When you’re first learning to day trade, you’re going to make mistakes. However, in order to be a successful trader, you need to minimize those mistakes, as well as learn from them. Now, there are many mistakes that beginner day traders make, and nearly all day traders have committed one of these fallacies at one point or another. If you commit too many mistakes, you could be destined for failure. That said, you should avoid these 5 common day trading mistakes, which should make you a better trader.

Avoid These 5 Common Day Trading Mistakes

Letting Losses Amount and Cutting Winners too Early

Let’s face it, we’ve all been stuck in one sticky situation at one point or another. We go long a stock, only for it to go against us and we hold on too long and let losses amount. If you haven’t had this happen to you, that’s great. However, if you’re ever caught in a losing position, you need to learn to cut your losses quickly.

Successful traders admit their wrong and are able to take a small loss quickly. Moreover, they don’t continue to think about their losses, they just move on to their next trade idea. Beginner traders tend to hold onto a losing position for too long, hoping the trade will eventually work to their favor.

Another one of the five common day trading mistakes is cutting winners too early. Ever hear the term, “Let your winners ride”? Well, if you want to be a profitable trader you need to properly risk manage your positions, and let your winners run. For example, if you’re long a stock and it starts you gain momentum, you might want to move your stop-loss price up and consider holding onto the position. This way, you could take part in the entire move, rather than selling too early. I’ve made this mistake before, selling out of a position too early, only to notice it went up significantly higher.

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Let’s assume you buy Iqiyi (IQ) because it broke out of some resistance, and you think it could reach $18.50. Now, once it gets to your target, you plan to sell all of it. However, the better play would be to sell half and then move your stop-loss to your entry.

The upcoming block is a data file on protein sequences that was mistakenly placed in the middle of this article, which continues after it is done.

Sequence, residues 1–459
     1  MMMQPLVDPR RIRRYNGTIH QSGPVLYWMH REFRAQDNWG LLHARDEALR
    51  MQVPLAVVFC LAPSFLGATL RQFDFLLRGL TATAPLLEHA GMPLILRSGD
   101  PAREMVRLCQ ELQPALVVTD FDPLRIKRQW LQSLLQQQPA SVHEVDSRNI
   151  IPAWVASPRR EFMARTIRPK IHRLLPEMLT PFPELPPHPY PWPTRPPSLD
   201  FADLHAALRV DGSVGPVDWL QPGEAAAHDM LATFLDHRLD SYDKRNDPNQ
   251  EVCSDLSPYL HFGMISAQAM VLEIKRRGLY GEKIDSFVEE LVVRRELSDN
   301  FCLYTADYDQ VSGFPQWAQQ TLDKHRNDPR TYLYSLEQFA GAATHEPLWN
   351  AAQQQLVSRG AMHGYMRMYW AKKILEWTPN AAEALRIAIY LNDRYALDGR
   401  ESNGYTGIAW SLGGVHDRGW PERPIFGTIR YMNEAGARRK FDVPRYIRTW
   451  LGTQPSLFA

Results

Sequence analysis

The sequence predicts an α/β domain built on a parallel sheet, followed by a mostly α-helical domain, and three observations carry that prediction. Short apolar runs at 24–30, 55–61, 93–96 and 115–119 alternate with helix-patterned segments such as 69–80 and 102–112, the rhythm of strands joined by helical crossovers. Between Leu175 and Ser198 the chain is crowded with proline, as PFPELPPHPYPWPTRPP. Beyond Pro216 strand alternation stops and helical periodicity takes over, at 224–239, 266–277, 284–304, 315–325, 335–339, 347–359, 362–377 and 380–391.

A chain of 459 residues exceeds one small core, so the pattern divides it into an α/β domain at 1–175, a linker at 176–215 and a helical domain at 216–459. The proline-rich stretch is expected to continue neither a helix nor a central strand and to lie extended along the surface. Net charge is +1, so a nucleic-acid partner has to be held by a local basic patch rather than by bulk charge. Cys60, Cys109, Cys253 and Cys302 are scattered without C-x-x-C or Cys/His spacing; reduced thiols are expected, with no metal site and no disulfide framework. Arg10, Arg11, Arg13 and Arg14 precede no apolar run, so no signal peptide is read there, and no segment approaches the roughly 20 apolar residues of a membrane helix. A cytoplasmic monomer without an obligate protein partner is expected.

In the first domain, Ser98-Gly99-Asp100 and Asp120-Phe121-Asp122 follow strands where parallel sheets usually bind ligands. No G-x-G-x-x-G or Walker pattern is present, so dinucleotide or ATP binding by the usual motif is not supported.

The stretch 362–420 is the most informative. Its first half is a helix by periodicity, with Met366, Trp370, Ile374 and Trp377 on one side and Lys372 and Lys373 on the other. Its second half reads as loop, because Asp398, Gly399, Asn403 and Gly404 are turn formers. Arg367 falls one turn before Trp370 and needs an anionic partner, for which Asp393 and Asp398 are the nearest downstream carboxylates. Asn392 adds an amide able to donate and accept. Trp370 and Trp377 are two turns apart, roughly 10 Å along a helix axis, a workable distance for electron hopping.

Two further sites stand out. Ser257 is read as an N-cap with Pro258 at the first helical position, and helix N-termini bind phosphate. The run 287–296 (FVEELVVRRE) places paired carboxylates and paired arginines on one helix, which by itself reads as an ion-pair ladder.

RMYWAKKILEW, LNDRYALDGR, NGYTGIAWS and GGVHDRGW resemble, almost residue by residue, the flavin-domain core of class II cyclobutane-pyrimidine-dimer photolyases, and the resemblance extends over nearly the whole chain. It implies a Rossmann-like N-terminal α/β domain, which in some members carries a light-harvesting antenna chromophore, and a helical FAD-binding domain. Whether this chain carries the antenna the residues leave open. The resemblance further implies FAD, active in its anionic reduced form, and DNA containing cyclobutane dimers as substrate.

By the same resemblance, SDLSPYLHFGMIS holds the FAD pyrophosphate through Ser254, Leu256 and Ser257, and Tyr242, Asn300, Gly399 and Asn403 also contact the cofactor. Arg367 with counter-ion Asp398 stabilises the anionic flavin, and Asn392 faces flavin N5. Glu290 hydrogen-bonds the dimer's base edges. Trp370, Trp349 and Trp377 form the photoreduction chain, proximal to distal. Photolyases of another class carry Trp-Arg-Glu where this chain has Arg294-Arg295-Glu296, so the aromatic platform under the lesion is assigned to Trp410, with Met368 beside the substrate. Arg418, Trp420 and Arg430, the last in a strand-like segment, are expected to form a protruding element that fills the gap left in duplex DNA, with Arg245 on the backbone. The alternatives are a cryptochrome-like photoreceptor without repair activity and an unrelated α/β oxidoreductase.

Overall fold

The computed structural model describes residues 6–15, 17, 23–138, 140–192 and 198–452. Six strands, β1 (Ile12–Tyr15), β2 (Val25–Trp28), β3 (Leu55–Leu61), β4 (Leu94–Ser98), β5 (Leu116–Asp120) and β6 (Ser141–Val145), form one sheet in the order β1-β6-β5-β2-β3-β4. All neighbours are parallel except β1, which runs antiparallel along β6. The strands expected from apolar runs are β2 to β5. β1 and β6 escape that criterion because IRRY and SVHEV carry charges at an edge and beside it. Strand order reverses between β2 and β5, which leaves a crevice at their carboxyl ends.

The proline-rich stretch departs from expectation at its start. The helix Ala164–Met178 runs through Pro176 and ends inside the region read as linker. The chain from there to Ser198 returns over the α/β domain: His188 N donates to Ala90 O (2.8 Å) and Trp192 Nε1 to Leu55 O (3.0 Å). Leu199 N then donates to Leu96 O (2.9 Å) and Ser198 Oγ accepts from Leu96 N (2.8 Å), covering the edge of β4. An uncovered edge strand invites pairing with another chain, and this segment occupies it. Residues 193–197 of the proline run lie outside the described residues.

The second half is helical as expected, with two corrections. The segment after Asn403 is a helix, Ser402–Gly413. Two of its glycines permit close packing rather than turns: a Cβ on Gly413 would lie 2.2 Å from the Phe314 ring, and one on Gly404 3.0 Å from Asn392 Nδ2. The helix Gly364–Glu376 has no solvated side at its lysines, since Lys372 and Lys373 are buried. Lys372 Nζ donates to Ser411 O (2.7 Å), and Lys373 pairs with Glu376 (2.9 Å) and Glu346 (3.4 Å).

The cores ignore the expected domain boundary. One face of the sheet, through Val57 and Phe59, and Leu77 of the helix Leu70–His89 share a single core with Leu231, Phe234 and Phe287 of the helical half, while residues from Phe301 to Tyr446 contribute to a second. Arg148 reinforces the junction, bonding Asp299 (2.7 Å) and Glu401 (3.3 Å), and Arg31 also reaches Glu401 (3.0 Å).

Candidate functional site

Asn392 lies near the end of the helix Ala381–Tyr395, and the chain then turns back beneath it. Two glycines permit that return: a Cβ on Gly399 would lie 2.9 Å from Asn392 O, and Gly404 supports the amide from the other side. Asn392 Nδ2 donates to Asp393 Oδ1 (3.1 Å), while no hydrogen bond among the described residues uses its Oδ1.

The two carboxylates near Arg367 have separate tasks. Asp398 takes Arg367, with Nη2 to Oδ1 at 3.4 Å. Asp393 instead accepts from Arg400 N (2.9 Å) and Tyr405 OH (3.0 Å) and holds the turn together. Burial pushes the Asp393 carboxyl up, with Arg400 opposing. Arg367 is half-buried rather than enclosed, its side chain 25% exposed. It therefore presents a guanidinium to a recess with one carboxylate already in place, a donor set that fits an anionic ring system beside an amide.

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Here’s what would’ve happen with the position. In general, it’s better to let your winners run, and cut your losers quickly.

Trading Without Stop-Losses

Stop-loss orders are essential to trading. It helps to maintain discipline while trading, and you won’t have any emotions or be stubborn with your positions. When you have a tight stop loss, you mitigate the problem of letting your losses amount. Now, there are some problems with a traditional stop-loss order. Depending on whether the stock is moving fast, your stop could potentially get executed below your stop price.

That said, you need to make sure you understand order types and look to implement stop-loss limit orders. With this order type, you’re able to set a stop price, and it would get triggered if the stock reaches that price. Thereafter, you would set a limit price, which is the price at which you would sell your long or cover your short position.

Trading Without A Plan

Great traders will tell you, “Create a plan and trade the plan.” If you don’t have a trading plan, it’s going to be hard for you to become profitable. If you have a plan, you’ll know exactly where to buy or sell short, stop out and take profits in your positions.

Here’s a look at some of my trading plans and my thought process.

New Catalyst Swing names (1 – 4 week holds) I am watching…

Cormedix (CRMD)

Catalyst Dates: Will complete DSMB analysis in July

Buy Zone: $.29 to $.31

Profit Zone: $.37 or higher

Stop Zone: $.27 or below

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Trevena (TRVN)

Catalyst Dates: FDA Approval date of November 2, likely to have an Advisory Committee meeting announce beforehand

Buy Zone: $1.70 to $1.90

Profit Zone: $2.20 or higher

Stop Zone: $1.50 or below

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Tetraphase Pharma (TTPH)

Catalyst Dates: FDA Approval date of August 28th

Buy Zone: $3.90 to $4.10

Profit Zone: $4.75 or higher

Stop Zone: $3.70 or below

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Notice how each of these trading plans have a reason I want to buy, the entry area, where I would take profits and stop out. Once you develop a plan, trading becomes easy and it’s all left up to you to execute. If you don’t have a trading plan, chances are you could let losses amount and let a position go against you, after you’ve been up in it.

The Bottom Line

When you’re learning to trade, you need to avoid common day trading mistakes. When you’re able to minimize your mistakes, you place yourself on the road to success. Traders who don’t avoid these common day trading mistakes set themselves up for failure. That said, learn to cut your losses quick, hold onto winners, use stop-loss orders and develop a trading plan.


Kyle Dennis runs Kyle Dennis’ Biotech Breakouts (biotechbreakouts.com). He is an event-based trader, who prefers low-priced and small-cap biotech stocks. He’s also using his knowledge and looking to multiply his capital through options trades.

Author: Kyle Dennis

Straight outta college Kyle Dennis taught himself to trade, and then made over $7 million in trading profits by the time he was 28 years old. Kyle reveals how to find, track, and profit from lucrative trades for exceptional profits. Thousands of traders follow him every day to learn how to target these high probability trades.

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